Well, I got my take home baby! Huzzah! But my sense of victory was short-lived. After a blissful night at home (during which Wee Madchen decided that 10pm to 3 am was happy hour at the dairy bar known as my breasts), we have had to return to the hospital because someone decided she looked good in yellow. I’m all for avoiding overly gendered pink stuff, but wishing Wee Madchen had found a different way to express herself.
That’s right. She has jaundice. Not a scary case, but enough that she needs a dose of phototherapy, likely for 24-48 hours. So we are, as we call it, at the beach. Also known as under the blue lights at Newton Wellesley hospital, which is thankfully closer to home than Beth Israel, where I delivered.
As her loving mom (& food source) I’m here with her. They limit her nursing time to 20 minutes per session to maximize her under the lights time. Don’t worry, I’ve already told them that formula and even expressed breastmilk bottles are off the table should the nursing restrictions cause a problem. The med student to whom I said this was surprised, but I told her I’d dropper or syringe feed her if need be. No offense to the lovely med students in my life, but I did a NICU rotation with 114 consecutive 16 hour days. I know more about this shit than you do. And I will not disrupt my nursing relationship with my daughter over a treatable case of jaundice. So there! OK, down off my soapbox. I’m just REALLY tired of the medical establishment pretending to be all “breast is best” and then pushing formula at every turn–more on this later, as it was an issue after my delivery, too. Particularly surprising after they were way more supportive of natural childbirth than I’d expected.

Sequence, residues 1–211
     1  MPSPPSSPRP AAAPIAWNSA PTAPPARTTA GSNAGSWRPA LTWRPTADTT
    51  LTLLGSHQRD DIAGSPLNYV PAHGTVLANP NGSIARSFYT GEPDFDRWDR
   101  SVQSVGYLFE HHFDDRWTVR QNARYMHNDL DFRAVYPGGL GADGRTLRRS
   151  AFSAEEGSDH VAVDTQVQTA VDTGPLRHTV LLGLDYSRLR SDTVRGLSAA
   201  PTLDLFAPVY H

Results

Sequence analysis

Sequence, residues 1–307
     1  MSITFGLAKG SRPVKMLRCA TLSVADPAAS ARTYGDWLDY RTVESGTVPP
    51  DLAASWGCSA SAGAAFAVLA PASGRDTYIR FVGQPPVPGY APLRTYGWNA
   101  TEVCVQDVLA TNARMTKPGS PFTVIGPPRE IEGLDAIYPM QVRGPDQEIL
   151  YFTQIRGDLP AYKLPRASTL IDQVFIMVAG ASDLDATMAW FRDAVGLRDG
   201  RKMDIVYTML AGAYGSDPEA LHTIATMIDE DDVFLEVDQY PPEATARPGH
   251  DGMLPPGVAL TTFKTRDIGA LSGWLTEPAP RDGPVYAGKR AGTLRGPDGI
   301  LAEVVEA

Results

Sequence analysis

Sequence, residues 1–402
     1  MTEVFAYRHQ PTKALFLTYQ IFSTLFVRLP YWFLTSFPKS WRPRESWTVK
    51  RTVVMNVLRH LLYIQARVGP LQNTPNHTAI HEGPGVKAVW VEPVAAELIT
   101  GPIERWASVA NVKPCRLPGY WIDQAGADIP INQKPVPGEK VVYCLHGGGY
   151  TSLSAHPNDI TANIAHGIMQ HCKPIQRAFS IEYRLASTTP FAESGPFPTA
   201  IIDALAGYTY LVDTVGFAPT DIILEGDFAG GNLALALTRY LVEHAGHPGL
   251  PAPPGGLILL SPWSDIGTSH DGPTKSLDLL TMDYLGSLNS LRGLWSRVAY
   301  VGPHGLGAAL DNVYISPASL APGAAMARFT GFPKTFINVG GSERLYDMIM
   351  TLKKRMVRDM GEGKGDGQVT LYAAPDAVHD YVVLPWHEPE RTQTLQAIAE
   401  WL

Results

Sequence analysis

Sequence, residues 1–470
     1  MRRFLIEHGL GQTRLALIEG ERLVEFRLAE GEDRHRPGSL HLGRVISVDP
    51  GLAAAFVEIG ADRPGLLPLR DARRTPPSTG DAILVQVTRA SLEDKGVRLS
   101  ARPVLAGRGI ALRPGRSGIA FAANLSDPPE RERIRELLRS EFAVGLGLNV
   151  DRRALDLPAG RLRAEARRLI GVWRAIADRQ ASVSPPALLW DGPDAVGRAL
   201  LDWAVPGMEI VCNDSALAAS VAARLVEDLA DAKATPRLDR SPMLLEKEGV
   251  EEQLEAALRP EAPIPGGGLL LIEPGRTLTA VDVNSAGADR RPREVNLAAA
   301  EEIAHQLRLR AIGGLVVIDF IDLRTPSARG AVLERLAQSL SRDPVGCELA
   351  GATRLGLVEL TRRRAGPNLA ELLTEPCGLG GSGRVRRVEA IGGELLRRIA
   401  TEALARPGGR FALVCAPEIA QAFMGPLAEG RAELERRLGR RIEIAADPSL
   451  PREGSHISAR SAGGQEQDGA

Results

So life is a bit bumpy. I had so looked forward to settling in as our family of four, and struggling with the mere mayhem of a new baby and a toddler. Das Big Boy is no great fan of his sister, by the way. When he woke up and she was still here, he was mad. And now he’ll be doubly confused when she is gone, then reappears. I think he keeps hoping I’ll put her back inside. But he is getting accustomed to her and will at least talk about her now.